The negotiations forced on London Underground bosses by Tube workers’ strike of 4-6 February will conclude on 14 April.
Activists in the RMT union say the talks have been useful for learning more about the scale of bosses’ cuts plans, but that little progress has been made, management remain intransigent and workers must be prepared to strike again.
The talks have revealed that LU bosses want to increase managerial staff by 370%, while reducing frontline staff by 753 posts. While they propose to close every ticket office on the network, they have admitted that they only plan to install 150 new ticket machines. And while they promised a ‘station-by-station review’ of ticket office closures, they have conducted only a superficial review, with handpicked stations standing in as ‘examples’ for others of similar sizes and types. In the ‘Equality Impact Assessment’ conducted into the impact of the proposed cuts on various groups who face specific oppression or discrimination in society, LU admitted that its cuts will impact negatively on disabled people and older people.
RMT activists are mobilising for further action, and although no specific dates have been named, the union’s Regional Council has produced “Get Ready To Strike Again” publicity (pictured) for distribution around workplaces and union branches. The law requires unions to give bosses seven days’ notice of any strike, so the earliest a strike could take place following the conclusion of talks would be Tuesday 22 April. The union has said it will call a mass members’ meeting following the conclusion of talks.
RMT is also committed not to resolve the dispute while disciplinary procedures remain outstanding against any union member. Currently, three activists — Mark Harding, John Reid and Ian Stewart — face disciplinary sanctions of various kinds (and in Mark’s case, legal sanction). The union is mounting a strong defence of all three.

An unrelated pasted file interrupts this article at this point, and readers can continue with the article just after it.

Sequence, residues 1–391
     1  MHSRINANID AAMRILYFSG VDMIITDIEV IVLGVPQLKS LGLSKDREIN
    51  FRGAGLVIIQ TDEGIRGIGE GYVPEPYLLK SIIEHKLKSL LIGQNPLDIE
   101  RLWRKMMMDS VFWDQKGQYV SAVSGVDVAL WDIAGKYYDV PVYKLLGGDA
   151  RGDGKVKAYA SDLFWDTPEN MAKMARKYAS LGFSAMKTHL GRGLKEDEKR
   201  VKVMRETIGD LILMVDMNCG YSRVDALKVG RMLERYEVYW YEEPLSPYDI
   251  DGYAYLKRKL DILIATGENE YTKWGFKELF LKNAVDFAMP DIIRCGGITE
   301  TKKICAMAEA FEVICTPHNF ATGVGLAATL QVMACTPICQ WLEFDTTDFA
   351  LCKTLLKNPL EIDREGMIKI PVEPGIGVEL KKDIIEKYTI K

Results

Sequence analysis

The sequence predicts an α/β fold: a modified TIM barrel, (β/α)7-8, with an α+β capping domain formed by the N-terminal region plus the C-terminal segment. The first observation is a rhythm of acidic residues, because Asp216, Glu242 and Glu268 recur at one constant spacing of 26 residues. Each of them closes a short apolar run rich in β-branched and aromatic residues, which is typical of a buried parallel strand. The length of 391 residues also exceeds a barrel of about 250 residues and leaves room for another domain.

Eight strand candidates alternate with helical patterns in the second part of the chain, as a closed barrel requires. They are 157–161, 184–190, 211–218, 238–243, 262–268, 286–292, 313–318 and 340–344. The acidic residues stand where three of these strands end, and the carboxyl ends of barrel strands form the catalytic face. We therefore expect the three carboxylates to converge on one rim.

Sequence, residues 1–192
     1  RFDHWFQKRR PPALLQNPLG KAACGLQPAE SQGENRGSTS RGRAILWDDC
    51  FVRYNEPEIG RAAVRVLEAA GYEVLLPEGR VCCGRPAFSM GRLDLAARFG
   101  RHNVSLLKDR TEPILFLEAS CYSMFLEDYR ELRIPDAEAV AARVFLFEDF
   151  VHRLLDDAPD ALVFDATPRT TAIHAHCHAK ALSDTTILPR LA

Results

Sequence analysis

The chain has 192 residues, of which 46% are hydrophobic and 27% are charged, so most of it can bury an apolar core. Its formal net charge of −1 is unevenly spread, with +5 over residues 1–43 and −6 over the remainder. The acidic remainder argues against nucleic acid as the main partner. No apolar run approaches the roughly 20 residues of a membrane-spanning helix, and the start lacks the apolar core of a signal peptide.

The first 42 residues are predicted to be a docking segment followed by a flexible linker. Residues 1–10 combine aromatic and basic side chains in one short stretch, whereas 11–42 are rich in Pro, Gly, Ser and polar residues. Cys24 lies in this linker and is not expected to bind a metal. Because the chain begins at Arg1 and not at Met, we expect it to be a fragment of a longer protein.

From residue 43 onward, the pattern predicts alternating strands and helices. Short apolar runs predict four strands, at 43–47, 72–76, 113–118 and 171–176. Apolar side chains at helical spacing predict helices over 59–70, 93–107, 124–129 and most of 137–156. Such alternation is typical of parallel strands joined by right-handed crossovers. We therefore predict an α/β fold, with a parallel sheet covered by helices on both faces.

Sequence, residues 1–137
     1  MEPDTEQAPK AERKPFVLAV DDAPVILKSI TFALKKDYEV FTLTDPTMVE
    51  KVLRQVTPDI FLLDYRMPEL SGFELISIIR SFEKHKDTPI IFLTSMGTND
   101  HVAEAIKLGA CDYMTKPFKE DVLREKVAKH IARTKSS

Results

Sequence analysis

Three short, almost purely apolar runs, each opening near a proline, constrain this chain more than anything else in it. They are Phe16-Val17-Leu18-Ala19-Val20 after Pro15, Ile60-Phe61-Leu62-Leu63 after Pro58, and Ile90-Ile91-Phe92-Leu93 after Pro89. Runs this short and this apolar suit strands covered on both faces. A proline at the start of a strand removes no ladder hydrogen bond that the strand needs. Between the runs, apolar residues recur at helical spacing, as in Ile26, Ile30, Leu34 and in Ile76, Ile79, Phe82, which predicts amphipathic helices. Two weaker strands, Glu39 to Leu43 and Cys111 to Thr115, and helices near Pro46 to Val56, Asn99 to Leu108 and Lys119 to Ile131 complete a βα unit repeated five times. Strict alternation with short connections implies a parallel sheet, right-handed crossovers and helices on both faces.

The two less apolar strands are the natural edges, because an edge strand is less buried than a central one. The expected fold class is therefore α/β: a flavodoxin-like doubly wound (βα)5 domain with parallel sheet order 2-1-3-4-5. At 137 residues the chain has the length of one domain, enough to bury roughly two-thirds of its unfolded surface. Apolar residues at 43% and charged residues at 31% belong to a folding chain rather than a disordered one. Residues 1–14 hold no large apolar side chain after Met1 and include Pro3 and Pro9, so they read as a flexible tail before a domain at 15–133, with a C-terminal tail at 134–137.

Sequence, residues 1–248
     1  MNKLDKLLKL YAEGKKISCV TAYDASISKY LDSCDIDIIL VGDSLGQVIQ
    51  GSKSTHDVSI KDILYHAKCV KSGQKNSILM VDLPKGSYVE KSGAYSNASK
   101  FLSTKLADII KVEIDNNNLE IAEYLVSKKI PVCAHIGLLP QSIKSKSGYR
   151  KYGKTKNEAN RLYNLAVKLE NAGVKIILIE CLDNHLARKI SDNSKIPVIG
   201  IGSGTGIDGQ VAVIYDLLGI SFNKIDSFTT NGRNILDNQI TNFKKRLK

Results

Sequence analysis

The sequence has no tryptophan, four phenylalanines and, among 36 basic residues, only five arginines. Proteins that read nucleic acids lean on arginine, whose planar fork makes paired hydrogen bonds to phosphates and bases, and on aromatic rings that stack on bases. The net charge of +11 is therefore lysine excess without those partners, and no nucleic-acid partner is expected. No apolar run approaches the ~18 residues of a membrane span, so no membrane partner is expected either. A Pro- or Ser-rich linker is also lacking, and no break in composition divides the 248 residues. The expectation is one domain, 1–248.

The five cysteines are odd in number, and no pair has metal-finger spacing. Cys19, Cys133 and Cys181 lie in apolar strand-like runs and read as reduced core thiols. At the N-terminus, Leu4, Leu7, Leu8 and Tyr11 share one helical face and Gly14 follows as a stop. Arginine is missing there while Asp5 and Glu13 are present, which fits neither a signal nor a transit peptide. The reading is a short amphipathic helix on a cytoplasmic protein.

The fact that management agreed to pause their cuts plan for further talks following the February strike shows that solid action can force concessions. But their intransigence in the talks since then — a position it was easier for them to take without any further strikes on the horizon — shows how committed LUL bosses are to their cuts project. 48 hours of action is unlikely to be enough to shift them again, so RMT and TSSA will have to consider sustained and escalating action, with creatively-designed forms of “action short of strike” in between all-out strikes, to win their demands of no job losses, no ticket office closures, and no victimisations.
It would further strengthen the fight if Unite were to ballot its members (some managers and engineering workers). Drivers-only union ASLEF joining the fight would make it stronger still — and with LUL having formally begun the process of tendering for driverless trains, the cuts are showing a more direct impact on drivers.
Joint meetings of members of all unions which are part of the fight, convened as soon as possible, would enable activists to discuss the dispute face-to-face.
Vote John Leach for RMT General Secretary!
The election for a new General Secretary of the Rail, Maritime, and Transport workers’ union (RMT) has begun, following the tragic death of former incumbent Bob Crow.
Five people have so far declared their candidacies — Mick Cash (the current Senior Assistant General Secretary), John Leach (former National President and current London Transport Regional Organiser), Steve Hedley (currently the other Assistant General Secretary alongside Mick Cash), Alan Pottage (current head of the union’s Organising Department) and Alex Gordon (former National President).
Nominations formally open on 10 April and other candidates may also emerge before nominations close on 2 July.
Workers’ Liberty members in the RMT are supporting John Leach. John’s platform includes a commitment to deepening and extending rank-and-file democracy in the RMT, pursuing a creative and militant industrial strategy, and improving the union’s work on equalities. John has also committed not to take the pay increase that would come with the post.
For the next few months, branches will be deciding which candidate to nominate. Members will then vote in a postal ballot between 21 July and 22 September.
Aren't there serious differences between the four you refer to as 'left' candidates?
It's not a question of "dislike". There are big political differences between the "left" candidates, on a number of questions, which will hopefully become clearer and sharper as the election campaign continues.
One issue which is (rightly) generating some particular controversy currently is the fact that one of the candidates, Steve Hedley, has an extremely worrying record on the question of women's rights and sexism:
Is this somebody who is really fit to represent "the left" in the RMT, which should be committed to equality and women's liberation?